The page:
Equalising code and content

The journey to Gin (part 2)

Back in February of 2017, several months after my near-catastrophic error, I attended a Hacks/Hackers event in London. That evening I heard Matt Kiser, the founder of WTFJHT, speaking about the creation of his site, the tools and services he uses, and how he made the collaborative aspect of the site work. In the process, he inadvertently vindicated an idea that had been tumbling around in my mind for some time: code and content can (and maybe should) share the same workflow.

A repurposed workflow

Matt explained that WTFJHT is built using Jekyll, a static site generator. All the content is in text files that are formatted in Markdown and parsed by Jekyll; there is no database. All the files are in a public GitHub repository that anyone can fork and modify in order to contribute to the site. Changes are submitted via pull-requests, meaning they must be reviewed before they are applied and deployed. This is a familiar process for developers, but here it's being used as an editorial workflow.


As I've worked in a couple of large publishers, I've had the opportunity to observe both development and editorial workflows. The similarities are pretty clear to me.

People are usually working on different parts of the product, so an individual team member's work usually won't have an impact on another. But even when there is overlap, regular updates and communication among team members can mitigate any major conflicts. Finally, it might also be the case—depending on the team and structure—that a senior member is responsible for some form of quality control before work is published/deployed.

The above is fairly typical. Yet, in practice, there are fundamental differences between development and content teams when it comes to the specifics of how the workflow manifests, and this is almost certainly down to the tools that they have available.

Traditional tools

Speak to pretty much any developer, even the least experienced, and they've almost certainly heard of version control. I've never come across a developer that doesn't know what a VCS is (although I'm sure there's one out there somewhere, just as there are those who flat out refuse to adopt any form of version control. Yes, they exist too). In contrast, I've found that the typical content creator has a very limited—if any—idea of version control. At best, they have a concept of history or versions, as found in software like Microsoft Word or Wordpress.

Also common among content creators are the various approaches to saving backups of work: creating new copies of a file with a new name, copying files to date/time directories, or saving copies in services like Google Drive and Dropbox. There are more, I'm sure. While these aren't terrible ways to protect your work, they're far from the best. A developer would be laughed at and/or scorned if he or she was doing any of the above instead of using a proper version control system, yet, in content teams, it's the norm.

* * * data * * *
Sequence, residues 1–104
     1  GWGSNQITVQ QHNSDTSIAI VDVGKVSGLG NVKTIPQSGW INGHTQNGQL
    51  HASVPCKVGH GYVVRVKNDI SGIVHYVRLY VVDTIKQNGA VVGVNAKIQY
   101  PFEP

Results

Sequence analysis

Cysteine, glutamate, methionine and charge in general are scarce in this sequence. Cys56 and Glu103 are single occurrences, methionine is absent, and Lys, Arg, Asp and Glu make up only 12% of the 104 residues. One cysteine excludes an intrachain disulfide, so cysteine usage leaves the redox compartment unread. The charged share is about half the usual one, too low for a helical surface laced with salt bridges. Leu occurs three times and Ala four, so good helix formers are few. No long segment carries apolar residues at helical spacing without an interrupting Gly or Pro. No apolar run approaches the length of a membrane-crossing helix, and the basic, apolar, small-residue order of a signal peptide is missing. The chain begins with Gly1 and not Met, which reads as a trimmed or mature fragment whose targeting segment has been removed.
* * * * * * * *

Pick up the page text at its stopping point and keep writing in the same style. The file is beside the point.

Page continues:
It's not difficult to understand why the average content creator has no idea about version control. In development it's standard practice to use a VCS of some kind: it protects both the temporal and monetary investment, as developers (and, therefore, their work) can be very expensive. Imagine all that hard work was suddenly erased because somebody accidentally deleted the wrong directory...

But what about the value of the content and those who write it? It should be plain as day. Websites and applications alike are dependent, to varying degrees, on their content, not just code. Blog posts, marketing material, documentation, and general information all play vital roles, and yet the content often lacks the same level of protection as code. This is partly because there is no encouragement or instruction to use proper versioning tools, which may itself be a result of ignorance. Another part of it, I think, is that the content is undervalued, possibly because the content creators are too.

Out of control

Of course, the role of content varies, depending on where and how it's being used, and that affects its value. But isn't this also true of code? Yet, even the most trivial feature, plugin, addon or script is likely to be placed under version control by any reasonable developer. Often one of the first thoughts for a developer when creating a new codebase: create a repository, get it under version control. In the world of content creation, however, version control is, at best, an afterthought and, at worst, it's relegated to oblivion by ignorance. Naturally, the risk doesn't become apparent until things go wrong.


Of course, things had already gone wrong for Oh My Word!, many months ago. Hearing Matt's talk and learning about WTFJHT made me realise why I hadn't put Ghost or any other CMS back in place so that content creation could continue: I wanted a better way of protecting the content, beyond simply making backups. I was looking for a CMS with fully integrated version control. Once I realised what I was looking for, I tried to find one. Unfortunately, I couldn't find a CMS that had the level of integration I was after. Naturally, the challenge of creating a CMS with version control at its core was appealing, so I decided to build it.